Blog: SARF

Smooth, sleek and fast: aeronautics and streamlining as furniture inspiration

In this new and exciting project I will spend the next two months I will researching the design history of American aeronautics, focusing on the technical and cultural notions that have influenced the changing appearance of airplanes and the concept of speed over time, at the National Air and Space Museum and the Steven F. Udvar-Hazy Center.


This long range bomber started being designed in WW II by Jack Northrop. A design I never imagined out of that time period. In the end the project was killed and all of these versions scraped, not because they weren’t aerodynamic, but hard to control. It was in many ways so much like today’s B-2 Stealth bomber, pictured here refueling, that it lead me to ask what technology had made the difference for this Airplane to be in service. When I asked John Anderson, the aerodynamics curator here at the NASM he said one word… computers.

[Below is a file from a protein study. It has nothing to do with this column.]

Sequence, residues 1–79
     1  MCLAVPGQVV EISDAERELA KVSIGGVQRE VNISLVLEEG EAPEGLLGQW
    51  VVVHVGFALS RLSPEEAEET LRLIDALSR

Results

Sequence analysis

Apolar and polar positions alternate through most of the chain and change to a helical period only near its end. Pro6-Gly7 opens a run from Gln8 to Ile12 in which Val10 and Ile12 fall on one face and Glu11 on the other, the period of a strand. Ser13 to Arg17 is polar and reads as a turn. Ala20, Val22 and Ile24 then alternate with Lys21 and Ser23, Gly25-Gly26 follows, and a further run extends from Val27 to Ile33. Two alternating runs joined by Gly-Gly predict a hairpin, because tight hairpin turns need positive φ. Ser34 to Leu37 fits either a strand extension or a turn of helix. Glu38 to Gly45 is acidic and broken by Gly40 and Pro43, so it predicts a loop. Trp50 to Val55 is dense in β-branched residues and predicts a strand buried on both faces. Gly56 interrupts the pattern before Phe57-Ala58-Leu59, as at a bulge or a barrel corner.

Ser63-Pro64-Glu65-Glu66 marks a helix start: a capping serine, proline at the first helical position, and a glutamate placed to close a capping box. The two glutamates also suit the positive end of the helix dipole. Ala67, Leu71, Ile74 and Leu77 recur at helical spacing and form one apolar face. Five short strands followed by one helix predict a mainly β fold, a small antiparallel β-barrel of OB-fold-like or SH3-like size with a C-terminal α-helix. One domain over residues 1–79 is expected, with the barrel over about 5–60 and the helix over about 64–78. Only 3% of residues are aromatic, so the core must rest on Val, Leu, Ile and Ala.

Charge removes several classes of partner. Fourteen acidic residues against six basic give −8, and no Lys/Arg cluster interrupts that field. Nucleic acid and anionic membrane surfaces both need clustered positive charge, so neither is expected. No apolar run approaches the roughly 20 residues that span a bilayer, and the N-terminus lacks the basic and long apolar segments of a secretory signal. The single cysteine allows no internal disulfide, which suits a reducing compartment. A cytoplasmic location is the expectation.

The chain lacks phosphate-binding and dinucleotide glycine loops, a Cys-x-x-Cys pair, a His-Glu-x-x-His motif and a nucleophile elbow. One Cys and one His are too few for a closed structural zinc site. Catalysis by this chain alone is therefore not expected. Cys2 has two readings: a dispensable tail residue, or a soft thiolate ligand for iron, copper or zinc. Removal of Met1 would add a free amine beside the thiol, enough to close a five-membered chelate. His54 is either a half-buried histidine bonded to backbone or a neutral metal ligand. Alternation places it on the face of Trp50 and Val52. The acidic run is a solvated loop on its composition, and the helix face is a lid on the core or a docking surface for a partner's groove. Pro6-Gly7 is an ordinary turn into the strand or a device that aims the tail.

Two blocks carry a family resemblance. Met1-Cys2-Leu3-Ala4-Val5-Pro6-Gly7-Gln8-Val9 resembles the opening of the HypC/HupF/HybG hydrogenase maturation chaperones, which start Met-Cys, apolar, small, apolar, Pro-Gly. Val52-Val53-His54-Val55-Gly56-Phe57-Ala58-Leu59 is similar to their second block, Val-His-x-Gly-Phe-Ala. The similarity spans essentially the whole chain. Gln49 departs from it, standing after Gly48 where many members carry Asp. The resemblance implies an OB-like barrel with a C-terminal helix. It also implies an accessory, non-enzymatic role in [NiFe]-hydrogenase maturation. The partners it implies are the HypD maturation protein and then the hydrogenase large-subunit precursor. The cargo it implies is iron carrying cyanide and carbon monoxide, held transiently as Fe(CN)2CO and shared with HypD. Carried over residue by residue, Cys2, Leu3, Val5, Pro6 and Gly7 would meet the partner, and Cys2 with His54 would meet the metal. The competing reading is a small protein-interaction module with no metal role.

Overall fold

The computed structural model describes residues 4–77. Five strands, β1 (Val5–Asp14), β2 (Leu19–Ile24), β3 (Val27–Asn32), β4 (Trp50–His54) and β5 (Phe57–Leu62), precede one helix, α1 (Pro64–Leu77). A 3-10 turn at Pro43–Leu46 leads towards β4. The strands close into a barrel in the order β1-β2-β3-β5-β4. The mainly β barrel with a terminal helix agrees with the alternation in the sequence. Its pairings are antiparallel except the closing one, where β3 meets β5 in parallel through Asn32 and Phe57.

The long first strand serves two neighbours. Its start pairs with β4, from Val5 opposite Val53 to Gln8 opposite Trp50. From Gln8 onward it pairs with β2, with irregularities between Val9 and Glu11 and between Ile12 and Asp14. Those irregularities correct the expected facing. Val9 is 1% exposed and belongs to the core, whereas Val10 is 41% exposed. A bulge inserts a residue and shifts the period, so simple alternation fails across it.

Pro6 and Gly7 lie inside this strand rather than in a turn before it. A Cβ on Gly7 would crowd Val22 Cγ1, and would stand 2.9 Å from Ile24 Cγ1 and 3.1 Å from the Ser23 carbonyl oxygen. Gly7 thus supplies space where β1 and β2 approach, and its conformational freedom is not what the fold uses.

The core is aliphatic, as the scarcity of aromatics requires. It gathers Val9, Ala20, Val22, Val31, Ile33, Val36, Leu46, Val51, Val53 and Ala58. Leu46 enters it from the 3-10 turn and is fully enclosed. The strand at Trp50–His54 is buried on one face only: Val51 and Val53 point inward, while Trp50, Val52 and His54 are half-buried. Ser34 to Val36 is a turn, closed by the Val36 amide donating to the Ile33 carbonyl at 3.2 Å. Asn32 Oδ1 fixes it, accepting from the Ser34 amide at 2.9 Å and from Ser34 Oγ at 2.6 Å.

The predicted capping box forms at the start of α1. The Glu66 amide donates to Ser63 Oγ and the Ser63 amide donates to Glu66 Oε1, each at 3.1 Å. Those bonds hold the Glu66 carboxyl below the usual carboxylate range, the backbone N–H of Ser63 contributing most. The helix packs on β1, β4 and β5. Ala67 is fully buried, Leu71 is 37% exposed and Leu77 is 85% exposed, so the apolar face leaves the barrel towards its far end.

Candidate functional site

Having the ability to asses and control the wing in many micro adjustments was a requirement for this design, and one they did not have when Northrop was working his original designs.